Friday, November 4, 2011



Good morning world. The mother of all anti-thesis theorems is here. Well, umm, it was already there since the past few years. Actually it was in 1996 when I conjured up this term called exnovation – which I defined as the opposite of innovation – and presumed that I had arrived on the global management scene; well, had not I finally created a better mousetrap? 15 years later, I see that the term exnovation is still known to almost zero individuals on this plant (‘cept me of course), and where known has taken up definitions that I never intended – and of course, nobody’s beaten their way up to my door yet. And that’s when I decided to give it one more try – define the term appropriately so that organisations realize the need to necessarily incorporate exnovation as a critical process within organisational structures.

I accept, in the present times, nothing excites corporate junkies more than the conceptWhat the processs-oriented Welch did, his innovation-hungry successor might undo of innovation. Who in heavens would care about exnovation for god’s sake?! Would you wish your company to come out tops on the World’s Most Innovative Companies’ lists or would you wish to be the numero uno on the exnovation charter – in other words, the world’s topmost ‘non-innovating’ company? One doesn’t need to think too deeply to get the answer to that. Frankly, the term exnovation was perhaps doomed from its very definition.

And reasonably too. Iconic CEOs have grown in fame because of being innovative. How many CEOs would you know of in the world who are worshipped because they exnovated? The answer might surprise you. Quite a few. And to understand this dichotomy, you’d have to first understand the correct definition of exnovation.

Exnovation does not actually mean propagating a philosophy of not innovating within the organisation. Exnovation in reality means that once a process has been tested, modulated and finally super-efficiently mastered and bested within the innovative circles of any organisation, there should be a critical system that ensures that when this process is replicated across the various offices of the organisation, the process is not changed but is implemented in exactly the same manner in which it was made super-efficient; in other words, no smart alec within the organisation should be allowed to tamper with the already super-efficient process. In other words, the responsibilty of innovation should be the mandate of specialised innovation units/teams within an organisation and should ‘not’ be encouraged to each and every individual within the organisation. The logic is that not every individual is competent at innovating – yet, everybody wishes to innovate, which is what can create a doomsday scenario within any organisation. Think the case of two call centers, where credit card customers call when they wish to complain about their lost cards. Imagine one call center, where all employees are trained by exnovation managers to follow tried and tested responses and processes; imagine the other call center, where each employee is allowed independence in innovatively deciding how to respond to the calling customer’s lost card issue. Any guesses on which call center would ensure better productivity and customer satisfaction? Clearly, the one practising exnovation. And that, my dear CEOs, is the responsibility of the Exnovation units within an organisation – units staffed with managers and supervisors whose sole job it is to ensure that best practice processes and structures are followed to the tee and not tampered with within the organisation by individuals or teams without a formal mandate. Call them what you may – but any manager responsible for ensuring replication and mirror implementation of any efficient process is an exnovation manager.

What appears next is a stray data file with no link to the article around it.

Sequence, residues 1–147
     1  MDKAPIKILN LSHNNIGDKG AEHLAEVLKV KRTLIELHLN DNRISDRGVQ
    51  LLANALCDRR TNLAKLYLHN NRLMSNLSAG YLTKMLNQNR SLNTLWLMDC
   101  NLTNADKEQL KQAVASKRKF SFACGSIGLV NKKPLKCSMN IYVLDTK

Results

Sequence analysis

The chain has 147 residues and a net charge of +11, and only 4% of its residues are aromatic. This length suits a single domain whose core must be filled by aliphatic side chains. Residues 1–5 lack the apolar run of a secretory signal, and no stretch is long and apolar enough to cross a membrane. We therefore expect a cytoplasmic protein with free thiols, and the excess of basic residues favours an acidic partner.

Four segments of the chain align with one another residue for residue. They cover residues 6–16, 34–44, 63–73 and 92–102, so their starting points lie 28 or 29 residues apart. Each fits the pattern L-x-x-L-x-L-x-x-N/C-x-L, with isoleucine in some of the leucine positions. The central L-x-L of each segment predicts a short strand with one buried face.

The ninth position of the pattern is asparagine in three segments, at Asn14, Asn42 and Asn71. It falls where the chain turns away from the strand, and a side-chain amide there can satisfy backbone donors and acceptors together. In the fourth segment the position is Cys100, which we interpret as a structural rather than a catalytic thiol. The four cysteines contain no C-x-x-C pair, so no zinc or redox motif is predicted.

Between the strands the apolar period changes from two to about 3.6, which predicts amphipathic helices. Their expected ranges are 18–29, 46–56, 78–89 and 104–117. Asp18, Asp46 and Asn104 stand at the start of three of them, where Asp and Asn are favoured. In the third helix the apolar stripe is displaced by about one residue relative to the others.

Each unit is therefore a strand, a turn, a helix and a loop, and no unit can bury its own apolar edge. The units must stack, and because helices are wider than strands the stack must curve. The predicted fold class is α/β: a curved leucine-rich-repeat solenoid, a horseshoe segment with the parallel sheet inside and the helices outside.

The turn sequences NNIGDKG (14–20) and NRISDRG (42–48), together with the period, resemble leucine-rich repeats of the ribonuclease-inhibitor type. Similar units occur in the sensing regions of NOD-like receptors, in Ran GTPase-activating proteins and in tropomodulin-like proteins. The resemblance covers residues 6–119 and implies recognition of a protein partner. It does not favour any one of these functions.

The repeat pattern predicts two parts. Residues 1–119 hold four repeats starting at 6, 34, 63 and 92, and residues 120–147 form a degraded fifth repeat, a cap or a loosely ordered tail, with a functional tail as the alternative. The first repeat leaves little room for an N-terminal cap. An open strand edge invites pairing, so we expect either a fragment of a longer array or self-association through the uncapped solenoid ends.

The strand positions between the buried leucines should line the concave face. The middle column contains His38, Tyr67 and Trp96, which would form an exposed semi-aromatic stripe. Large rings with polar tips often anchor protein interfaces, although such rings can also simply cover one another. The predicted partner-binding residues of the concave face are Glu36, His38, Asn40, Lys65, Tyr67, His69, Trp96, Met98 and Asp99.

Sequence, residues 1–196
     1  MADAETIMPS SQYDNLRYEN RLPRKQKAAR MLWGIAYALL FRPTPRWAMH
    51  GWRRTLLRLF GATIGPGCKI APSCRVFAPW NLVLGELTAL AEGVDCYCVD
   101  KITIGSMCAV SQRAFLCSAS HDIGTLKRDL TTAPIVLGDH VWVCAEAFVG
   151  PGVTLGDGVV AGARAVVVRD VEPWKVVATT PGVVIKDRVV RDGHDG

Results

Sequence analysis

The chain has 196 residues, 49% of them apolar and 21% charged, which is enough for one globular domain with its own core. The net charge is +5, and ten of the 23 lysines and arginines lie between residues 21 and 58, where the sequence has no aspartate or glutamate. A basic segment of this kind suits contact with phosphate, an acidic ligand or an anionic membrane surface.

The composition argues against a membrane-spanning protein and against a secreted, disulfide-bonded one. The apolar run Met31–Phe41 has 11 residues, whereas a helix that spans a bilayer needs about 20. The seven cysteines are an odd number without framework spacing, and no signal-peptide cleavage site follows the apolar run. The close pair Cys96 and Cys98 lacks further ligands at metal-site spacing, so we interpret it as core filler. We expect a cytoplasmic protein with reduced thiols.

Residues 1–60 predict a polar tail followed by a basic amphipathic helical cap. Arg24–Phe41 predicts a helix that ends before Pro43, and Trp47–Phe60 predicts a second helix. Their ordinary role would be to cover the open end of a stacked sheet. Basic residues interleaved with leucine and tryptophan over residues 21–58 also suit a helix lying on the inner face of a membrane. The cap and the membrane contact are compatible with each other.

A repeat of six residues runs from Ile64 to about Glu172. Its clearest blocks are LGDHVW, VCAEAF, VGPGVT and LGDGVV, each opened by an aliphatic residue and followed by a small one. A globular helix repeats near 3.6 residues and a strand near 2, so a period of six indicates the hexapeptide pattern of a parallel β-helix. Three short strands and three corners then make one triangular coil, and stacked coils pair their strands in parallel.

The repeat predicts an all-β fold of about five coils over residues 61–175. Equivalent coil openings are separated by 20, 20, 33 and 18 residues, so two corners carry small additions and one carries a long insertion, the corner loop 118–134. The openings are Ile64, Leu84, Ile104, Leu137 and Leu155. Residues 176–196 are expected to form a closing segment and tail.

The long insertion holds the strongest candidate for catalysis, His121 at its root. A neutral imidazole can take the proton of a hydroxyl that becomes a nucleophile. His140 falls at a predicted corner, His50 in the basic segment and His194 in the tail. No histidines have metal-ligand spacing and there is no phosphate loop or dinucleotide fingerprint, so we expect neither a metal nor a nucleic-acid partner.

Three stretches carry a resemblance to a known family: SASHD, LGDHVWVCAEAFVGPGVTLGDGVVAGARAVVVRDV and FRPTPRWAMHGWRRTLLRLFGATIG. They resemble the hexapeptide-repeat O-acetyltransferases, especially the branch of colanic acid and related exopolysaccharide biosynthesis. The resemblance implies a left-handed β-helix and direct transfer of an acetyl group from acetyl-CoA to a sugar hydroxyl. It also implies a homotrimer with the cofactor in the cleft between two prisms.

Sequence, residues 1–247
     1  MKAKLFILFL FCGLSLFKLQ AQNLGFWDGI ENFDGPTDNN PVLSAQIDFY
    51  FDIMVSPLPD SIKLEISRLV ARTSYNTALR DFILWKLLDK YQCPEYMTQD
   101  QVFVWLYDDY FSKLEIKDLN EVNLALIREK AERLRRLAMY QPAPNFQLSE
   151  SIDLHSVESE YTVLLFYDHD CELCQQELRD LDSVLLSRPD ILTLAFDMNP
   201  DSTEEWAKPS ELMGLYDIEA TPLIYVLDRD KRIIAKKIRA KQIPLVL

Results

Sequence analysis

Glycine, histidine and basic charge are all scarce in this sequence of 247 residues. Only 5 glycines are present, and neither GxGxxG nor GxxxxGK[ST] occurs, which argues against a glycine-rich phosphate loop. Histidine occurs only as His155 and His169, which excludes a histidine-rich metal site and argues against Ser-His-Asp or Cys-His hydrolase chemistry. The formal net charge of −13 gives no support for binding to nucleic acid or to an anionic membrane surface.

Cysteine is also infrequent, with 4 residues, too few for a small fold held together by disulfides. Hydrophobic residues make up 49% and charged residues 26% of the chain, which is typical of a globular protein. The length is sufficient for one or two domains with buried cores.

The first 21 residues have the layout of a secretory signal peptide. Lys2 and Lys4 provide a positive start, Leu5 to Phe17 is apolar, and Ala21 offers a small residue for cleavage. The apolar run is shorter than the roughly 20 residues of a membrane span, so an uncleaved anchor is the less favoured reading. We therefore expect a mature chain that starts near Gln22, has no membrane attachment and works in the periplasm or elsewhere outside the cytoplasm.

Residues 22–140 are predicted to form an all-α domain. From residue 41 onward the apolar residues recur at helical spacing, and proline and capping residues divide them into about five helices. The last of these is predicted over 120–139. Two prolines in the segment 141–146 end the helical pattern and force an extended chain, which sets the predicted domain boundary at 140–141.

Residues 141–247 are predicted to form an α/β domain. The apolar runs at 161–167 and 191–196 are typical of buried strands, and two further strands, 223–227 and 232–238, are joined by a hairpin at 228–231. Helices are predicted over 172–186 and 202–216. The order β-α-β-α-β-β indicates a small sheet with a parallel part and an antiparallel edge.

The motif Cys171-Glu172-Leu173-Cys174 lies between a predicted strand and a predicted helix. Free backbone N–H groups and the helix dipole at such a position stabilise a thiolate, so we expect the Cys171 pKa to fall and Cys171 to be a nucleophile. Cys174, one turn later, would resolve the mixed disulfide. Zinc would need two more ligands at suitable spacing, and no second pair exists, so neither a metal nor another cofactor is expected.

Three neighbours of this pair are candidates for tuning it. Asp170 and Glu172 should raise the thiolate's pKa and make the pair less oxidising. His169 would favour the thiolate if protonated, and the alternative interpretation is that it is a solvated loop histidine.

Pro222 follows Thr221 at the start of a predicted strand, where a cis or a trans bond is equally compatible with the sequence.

And it’s a fact that CEOs and companies have thrived practising this management philosophy of exnovation. The last time this $421.85 billion- a-year topline earning company allowed each and every was much before its stock became a market-commodity on NYSE (on October 1, 1970). Till date, its “Save money. Live better” concept is based on standard processes, followed to the hilt and marginally improved over the years, to deliver maximum productivity and efficiencies. What gives this company’s operations the push? Leveraging tested economies of scale (a process that economists have discussed over decades), sourcing materials from lowprice suppliers (simply put – common sense), using a well tested satellitebased IT system for logistics (a technology that was invented in the late 1950s; today, the company’s vehicles make about 120,000 daily trips to and/or from its 135 distribution centers spread across 38 states in US alone, a count equal to the average number of vehicles that use the Lincoln Tunnel per day in New York City) and smarter financial and inventory management called ‘float’ (the firm pays suppliers in 90 days, but plans its stocks so that it gets sold within 7 days).

The company is #1 on the Fortune list: Walmart (2011; it has occupied the pole position in the Fortune 500 Rankings for the eight time in ten years!). For that matter, recall the last time you heard of an innovation from Walmart. “After I came in as CEO, I looked at the world post-9/11 and realised that over the next 10 or 20 years, there just was not going to be much tailwind. It would be a more global market, it would be more driven by innovation. We have to change the company to become more innovation driven – in order to deal with this environment. It’s the right thing for investors.” Wise words from a wise CEO, spoken in the American summer of 2006, it seems. This protagonist was appointed the CEO of a large conglomerate on September 7, 2001 [which he refers to as “the company”]. When he took over the mantle, the company having been led by his “strictly process-oriented” predecessor, had grown to become a $415 billion giant (m-cap). So how has his “innovation-driven-change” focus worked for his investors and shareholders [to whom he wanted to do right]? Ten years have gone by, and under him, the company has lost 58% of its value! And while America Inc. has become more profitable in the past decade, this company’s bottomline has actually gone drier by 14.91%. The first thing this innovation-lover of a CEO did when he took over control of this company was increase the company’s R&D budget by a billion dollars more and spend another $100 million in renovation of the company’s New York innovation centre. Well, loving innovation is not wrong. What is wrong is in forgetting that the best innovated products, processes and structures should not be tampered with!